Articular Cartilage's Struggle with Regeneration

 Controversies of Tissue Engineering

One of the most controversial areas in tissue engineering is the area of embryonic stem cells. Embryonic stem cells (ESCs) are one of the most promising treatments and are derived from early stage blastocysts and are pluripotent, meaning they can transform, or differentiate, into any other type of cell. ESCs are also able to reproduce indefinitely, which makes them an extremely useful way to potentially regrow damaged cartilage. 

Despite their promise, these stem cells are strongly opposed by many groups. ESCs must be taken from a human embryo in a process which destroys the embryo, thus making the process unacceptable to many religious groups. They claim that the embryo has status as a human being, and as such destroying it would be immoral.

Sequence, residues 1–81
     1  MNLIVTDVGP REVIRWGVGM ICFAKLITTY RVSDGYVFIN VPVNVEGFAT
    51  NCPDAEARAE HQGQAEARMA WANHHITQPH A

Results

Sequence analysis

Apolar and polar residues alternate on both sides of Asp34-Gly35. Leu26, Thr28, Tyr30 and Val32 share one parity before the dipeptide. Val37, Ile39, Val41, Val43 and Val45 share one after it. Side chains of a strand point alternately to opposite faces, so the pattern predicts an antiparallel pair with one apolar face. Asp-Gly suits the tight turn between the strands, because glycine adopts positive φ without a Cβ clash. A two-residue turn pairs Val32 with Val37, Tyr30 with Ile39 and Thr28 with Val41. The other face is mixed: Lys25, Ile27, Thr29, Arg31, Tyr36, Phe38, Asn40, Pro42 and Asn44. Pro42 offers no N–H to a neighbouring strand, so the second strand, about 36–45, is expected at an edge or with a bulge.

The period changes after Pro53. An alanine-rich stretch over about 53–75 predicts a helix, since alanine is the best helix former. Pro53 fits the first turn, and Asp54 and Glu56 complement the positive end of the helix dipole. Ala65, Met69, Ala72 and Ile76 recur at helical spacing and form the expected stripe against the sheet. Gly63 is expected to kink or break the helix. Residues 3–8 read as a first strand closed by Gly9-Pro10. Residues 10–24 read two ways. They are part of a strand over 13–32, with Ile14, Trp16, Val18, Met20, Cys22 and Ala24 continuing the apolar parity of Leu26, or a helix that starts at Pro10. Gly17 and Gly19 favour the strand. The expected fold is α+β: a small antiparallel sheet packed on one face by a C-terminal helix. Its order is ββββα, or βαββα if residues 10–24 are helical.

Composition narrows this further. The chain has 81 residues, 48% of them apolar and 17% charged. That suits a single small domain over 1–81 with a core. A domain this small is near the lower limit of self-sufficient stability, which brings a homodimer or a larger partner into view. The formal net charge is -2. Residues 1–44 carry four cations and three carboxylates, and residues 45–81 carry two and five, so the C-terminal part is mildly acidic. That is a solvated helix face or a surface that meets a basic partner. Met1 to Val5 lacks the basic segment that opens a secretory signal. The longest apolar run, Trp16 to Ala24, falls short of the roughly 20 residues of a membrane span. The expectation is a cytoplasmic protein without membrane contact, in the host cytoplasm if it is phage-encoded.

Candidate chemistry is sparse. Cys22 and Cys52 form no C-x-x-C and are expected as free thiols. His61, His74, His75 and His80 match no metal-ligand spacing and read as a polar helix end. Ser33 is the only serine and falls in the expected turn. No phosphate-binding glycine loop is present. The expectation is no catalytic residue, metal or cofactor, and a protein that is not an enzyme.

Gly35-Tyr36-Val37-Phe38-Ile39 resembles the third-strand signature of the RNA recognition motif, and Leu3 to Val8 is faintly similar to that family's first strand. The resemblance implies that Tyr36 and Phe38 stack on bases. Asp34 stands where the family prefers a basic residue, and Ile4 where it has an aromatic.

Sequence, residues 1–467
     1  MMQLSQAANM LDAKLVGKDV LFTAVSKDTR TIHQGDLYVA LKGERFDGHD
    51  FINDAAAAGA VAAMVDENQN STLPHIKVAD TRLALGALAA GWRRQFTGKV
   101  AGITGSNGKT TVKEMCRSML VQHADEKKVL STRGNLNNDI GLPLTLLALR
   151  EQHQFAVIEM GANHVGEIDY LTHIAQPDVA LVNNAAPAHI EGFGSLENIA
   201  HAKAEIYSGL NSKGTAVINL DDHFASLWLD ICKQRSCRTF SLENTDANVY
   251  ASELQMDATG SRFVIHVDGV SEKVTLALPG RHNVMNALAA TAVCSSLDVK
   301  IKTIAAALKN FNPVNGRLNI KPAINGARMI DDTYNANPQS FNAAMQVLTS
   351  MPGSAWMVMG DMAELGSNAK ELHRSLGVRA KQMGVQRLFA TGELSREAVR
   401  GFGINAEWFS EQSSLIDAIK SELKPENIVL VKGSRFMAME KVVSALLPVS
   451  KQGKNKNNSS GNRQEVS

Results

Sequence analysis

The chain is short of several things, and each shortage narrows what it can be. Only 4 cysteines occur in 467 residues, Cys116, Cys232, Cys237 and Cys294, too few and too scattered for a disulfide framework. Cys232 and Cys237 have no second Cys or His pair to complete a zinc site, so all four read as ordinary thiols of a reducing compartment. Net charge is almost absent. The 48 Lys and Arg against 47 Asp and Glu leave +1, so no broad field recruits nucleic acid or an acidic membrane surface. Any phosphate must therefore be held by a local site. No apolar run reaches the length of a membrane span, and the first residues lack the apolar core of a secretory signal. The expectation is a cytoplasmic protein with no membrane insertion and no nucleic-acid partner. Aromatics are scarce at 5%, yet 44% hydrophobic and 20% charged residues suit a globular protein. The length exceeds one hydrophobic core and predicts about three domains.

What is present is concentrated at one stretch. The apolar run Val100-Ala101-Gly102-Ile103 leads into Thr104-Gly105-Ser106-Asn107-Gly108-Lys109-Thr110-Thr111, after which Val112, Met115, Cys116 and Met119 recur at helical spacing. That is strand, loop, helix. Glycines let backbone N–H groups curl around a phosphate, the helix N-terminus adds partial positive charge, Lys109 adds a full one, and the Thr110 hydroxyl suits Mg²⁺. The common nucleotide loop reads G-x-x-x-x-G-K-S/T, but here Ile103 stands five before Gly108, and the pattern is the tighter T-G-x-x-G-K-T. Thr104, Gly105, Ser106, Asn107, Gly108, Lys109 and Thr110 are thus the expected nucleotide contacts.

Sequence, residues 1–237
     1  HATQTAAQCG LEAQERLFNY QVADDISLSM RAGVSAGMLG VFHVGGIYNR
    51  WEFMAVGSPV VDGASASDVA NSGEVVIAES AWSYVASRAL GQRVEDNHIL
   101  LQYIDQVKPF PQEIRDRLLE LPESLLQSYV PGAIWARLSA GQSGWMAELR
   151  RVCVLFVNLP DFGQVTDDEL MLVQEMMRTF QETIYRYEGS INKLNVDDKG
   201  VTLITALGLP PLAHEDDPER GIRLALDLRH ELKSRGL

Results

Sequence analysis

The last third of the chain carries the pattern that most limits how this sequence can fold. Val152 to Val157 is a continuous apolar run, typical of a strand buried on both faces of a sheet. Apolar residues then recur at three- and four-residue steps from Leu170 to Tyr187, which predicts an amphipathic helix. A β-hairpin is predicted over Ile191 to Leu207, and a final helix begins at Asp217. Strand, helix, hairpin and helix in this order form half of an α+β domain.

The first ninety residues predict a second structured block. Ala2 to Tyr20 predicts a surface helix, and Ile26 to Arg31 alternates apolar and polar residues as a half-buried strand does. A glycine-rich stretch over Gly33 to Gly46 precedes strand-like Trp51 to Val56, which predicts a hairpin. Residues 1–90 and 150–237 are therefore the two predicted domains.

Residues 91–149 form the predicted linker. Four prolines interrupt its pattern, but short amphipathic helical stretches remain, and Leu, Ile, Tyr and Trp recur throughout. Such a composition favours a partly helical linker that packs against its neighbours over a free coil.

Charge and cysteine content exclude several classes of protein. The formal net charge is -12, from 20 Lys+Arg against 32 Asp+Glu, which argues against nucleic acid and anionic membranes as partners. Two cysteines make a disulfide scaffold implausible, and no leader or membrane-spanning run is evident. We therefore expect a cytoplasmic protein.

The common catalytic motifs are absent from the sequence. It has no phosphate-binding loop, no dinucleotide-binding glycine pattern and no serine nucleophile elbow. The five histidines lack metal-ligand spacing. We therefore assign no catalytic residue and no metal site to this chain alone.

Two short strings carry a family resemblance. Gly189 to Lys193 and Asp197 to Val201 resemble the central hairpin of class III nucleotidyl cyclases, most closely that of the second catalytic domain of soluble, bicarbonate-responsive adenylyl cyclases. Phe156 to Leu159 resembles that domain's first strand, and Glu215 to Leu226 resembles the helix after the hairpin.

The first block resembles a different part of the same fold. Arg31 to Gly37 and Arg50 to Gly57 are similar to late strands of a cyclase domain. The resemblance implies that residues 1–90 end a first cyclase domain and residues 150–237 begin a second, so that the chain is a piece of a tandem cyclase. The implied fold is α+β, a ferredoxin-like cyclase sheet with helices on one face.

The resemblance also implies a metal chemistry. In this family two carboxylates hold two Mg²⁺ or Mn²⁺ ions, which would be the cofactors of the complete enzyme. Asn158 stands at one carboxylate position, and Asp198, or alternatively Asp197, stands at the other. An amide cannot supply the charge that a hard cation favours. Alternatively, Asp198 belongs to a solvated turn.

Other groups do not believe that an embryo has that status, and assert that destroying an embryo is not unethical. Stem cell supporters also argue that in vitro fertilization generates many unused embryos which could be used for research. These embryos would be destroyed anyway; it’s a waste not to use them for research. 

The political reaction to these controversies has been mixed. In the U.S. in 1973, when abortion was legalized in Roe vs. Wade, the federal government banned the use of federal funds for research on human embryos. Since then, the government has allowed limited use of stem cells, but not the creation of new stem cell lines. Recently, President Obama has signed more legislature in support of embryonic stem cells, but the fight to fully legalize them continues.


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